For many women, the Portuguese-tech industry provides greater job-security and higher earnings as it possesses the smallest gender pay-gap across the entire sector in the Europe Union. Therefore, more women within Portugal look towards the industry for fairer pay, while those working within tech in cities like London or Berlin understand they would receive better remuneration for their endeavors by moving to Lisbon. The study also found that Portugal, along with the United States and Latvia, was one of the top three countries globally ‘which have the most to offer women looking to progress in the tech industry’, with government policies such as the Fifth National Plan for Equality – Gender, Citizenship and Non-Discrimination directly leading to a greater number of c-level female appointments within the tech sector.
Recent positive comparisons with San Francisco have also helped!
“I think California is sunny and it has a bridge just like ours,” joked the Portuguese Minister of the Economy, Manuel Caldeira Cabral. “The idea that we want to promote is that we also have an economy based on knowledge and an entrepreneurial community that is growing. We’re attracting them [tech start-ups] for a lot of reasons: because we have a financing system, a very competitive fiscal setting for start-ups; but also because of the lifestyle and quality of life that entrepreneurs find here.”
While the city is at present a lower-ranked start-up city in comparison to more established hubs like London or Amsterdam, it is rapidly growing, featured for the first time in the Startup Genome Report last year in recognition of this. Portugal’s rapidly growing tech industry raised $350 million in venture capital in 2017 alone, while private equity investments have more than tripled to $7 billion since 2015, demonstrating to those still anxious about relocating both the presence of innovative tech and hungry investors.
The Bulgarian city of Sofia is truly striving to establish itself as the fintech capital of the Balkans. Spurred on by the global success of several Bulgarian start-ups, for example, software firm Telerik was sold for $262.5 million in 2015, its government has sought to capitalize on its young, tech-savvy population. Bulgaria and thus Sofia now has the second fastest broadband service in the entire world after South Korea and a tax system which is said to be the most business-friendly in the whole of Europe, including the lowest personal income tax rates in the EU – both key factors in encouraging start-ups to relocate.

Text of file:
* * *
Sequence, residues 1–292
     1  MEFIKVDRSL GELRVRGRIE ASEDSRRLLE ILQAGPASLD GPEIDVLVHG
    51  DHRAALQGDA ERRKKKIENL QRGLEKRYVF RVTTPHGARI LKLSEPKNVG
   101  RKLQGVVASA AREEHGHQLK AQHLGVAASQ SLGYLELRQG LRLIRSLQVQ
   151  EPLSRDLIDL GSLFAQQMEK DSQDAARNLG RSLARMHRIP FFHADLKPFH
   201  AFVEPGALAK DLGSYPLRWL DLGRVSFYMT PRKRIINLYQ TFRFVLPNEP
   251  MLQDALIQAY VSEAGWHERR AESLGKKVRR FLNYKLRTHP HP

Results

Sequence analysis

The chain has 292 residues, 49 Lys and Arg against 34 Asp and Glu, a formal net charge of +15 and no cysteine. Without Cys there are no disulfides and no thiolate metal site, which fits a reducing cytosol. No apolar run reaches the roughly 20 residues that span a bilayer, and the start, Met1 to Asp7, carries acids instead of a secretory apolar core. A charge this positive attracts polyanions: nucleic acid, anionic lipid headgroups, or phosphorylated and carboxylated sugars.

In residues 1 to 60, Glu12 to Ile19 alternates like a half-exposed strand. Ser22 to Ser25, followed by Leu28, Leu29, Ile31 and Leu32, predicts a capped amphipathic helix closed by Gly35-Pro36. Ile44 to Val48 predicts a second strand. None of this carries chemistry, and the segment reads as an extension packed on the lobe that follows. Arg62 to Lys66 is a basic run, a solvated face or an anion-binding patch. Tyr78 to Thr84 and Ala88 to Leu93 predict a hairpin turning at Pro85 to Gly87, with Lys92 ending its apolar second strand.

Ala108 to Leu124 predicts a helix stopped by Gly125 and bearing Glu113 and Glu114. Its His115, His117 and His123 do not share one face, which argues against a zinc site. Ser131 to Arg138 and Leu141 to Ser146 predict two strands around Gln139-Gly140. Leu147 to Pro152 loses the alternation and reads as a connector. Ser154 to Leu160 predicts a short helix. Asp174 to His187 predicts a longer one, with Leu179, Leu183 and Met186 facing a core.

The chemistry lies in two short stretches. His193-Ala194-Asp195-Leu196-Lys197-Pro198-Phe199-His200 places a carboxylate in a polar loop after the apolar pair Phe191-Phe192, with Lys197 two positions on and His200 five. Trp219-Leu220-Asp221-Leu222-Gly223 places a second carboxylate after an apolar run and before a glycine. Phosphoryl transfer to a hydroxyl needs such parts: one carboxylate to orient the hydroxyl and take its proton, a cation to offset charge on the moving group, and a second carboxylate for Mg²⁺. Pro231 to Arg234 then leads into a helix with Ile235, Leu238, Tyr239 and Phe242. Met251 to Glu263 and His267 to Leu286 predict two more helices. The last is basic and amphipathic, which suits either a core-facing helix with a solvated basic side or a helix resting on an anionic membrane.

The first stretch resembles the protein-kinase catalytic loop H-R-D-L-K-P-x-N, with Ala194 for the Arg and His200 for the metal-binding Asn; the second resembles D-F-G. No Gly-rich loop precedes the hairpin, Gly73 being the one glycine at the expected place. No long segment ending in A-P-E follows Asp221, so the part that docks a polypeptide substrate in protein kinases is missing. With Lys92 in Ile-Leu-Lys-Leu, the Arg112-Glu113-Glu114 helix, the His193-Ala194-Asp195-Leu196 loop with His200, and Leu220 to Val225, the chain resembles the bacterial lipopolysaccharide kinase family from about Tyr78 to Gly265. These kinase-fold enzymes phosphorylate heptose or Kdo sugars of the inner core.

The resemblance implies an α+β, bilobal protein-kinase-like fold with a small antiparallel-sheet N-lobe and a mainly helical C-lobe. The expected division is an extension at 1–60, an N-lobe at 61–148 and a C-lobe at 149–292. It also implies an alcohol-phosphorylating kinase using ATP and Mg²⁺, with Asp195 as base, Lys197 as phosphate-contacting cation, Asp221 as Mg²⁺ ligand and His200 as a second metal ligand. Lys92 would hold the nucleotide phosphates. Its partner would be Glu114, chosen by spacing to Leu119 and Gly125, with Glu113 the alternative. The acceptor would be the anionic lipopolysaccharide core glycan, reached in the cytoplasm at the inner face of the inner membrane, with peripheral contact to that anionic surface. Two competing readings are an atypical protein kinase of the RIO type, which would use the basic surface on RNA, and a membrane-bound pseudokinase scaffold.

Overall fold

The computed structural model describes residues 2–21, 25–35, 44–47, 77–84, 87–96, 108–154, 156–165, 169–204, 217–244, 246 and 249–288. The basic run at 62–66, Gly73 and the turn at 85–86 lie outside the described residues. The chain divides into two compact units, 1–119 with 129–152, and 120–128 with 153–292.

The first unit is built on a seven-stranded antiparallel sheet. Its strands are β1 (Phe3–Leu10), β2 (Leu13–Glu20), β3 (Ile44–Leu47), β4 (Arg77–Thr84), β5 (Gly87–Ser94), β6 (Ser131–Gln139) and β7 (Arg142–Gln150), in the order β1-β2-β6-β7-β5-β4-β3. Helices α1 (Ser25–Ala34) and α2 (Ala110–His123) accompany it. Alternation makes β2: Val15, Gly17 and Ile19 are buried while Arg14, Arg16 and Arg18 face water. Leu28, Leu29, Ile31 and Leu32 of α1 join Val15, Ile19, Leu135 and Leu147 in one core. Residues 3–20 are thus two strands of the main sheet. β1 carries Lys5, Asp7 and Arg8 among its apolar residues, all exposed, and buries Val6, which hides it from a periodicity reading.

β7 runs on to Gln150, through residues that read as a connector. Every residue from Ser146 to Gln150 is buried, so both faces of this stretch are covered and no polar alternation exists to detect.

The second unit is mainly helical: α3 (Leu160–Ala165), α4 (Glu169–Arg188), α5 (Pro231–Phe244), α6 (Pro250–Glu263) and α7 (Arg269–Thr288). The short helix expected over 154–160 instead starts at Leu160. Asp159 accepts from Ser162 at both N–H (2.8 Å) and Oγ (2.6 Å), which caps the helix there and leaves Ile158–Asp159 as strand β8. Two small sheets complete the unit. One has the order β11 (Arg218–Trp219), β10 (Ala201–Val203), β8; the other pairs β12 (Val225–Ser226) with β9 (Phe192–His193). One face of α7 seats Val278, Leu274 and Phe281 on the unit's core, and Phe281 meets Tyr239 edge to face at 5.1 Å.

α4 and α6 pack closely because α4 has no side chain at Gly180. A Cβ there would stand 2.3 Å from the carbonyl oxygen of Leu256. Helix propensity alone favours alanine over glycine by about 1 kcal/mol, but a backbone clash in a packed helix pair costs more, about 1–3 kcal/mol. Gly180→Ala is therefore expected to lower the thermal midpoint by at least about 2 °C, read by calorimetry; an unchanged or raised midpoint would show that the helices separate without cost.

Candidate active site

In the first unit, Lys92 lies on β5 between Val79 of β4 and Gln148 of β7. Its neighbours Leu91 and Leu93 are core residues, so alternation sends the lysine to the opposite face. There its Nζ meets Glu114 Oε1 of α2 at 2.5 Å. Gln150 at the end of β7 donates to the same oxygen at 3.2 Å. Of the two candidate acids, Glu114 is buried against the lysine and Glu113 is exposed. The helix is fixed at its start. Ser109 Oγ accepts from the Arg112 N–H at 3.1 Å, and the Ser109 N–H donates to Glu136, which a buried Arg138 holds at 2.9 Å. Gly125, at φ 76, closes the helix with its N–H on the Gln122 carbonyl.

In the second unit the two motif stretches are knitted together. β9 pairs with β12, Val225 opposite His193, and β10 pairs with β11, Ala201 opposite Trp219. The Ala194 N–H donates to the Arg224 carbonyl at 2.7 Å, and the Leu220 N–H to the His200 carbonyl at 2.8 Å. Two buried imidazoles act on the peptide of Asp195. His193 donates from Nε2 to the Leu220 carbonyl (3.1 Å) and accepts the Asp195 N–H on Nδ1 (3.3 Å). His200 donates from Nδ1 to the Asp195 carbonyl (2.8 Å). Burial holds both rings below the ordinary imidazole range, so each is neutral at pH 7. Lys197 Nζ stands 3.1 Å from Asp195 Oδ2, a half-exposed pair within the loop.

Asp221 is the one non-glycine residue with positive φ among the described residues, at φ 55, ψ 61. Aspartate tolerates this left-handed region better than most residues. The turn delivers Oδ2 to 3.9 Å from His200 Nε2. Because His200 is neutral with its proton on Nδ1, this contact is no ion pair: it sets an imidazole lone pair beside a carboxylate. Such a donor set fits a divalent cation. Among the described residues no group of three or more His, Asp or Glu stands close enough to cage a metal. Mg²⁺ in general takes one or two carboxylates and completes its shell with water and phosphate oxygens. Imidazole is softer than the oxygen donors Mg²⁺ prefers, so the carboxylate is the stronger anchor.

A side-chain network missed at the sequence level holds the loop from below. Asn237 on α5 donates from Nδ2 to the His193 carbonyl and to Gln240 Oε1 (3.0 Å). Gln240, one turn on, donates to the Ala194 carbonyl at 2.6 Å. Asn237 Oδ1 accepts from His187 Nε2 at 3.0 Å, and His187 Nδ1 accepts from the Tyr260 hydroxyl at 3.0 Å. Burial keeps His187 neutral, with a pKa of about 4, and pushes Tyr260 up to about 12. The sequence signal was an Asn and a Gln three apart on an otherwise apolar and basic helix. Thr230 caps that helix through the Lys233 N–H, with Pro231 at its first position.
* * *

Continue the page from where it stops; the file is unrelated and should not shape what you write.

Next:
An extremely enticing feature and undoubted draw to setting up a business in Sofia are the very low day-to-day running costs involved. For many start-ups, escalating costs for office space in London means that operating a business there is impossible. In 2018, the cost of renting just one square meter of office space in Mayfair, Oxford Street and Holborn were an eye-watering $182, $132 and $114 respectively, per month. Sofia, on the other hand, offers an average rental per square meter of just $14. A premium monthly co-working space in London can cost roughly $5,000, while in Sofia it is a mere $110.
For many cash-poor start-ups, Sofia can provide a cheap but thriving location within the European Union to get your business started. With the transactional value in the fintech market expected to grow from $1.18 billion in 2017 to $2.245 by 2021, Sofia’s fintech community is certainly on the rise. Its government, under reformative Prime Minister Boyko Borissov, has also promised to improve its bureaucracy, such as shortening the time it takes to set-up a business in Sofia and streamlining its judicial system.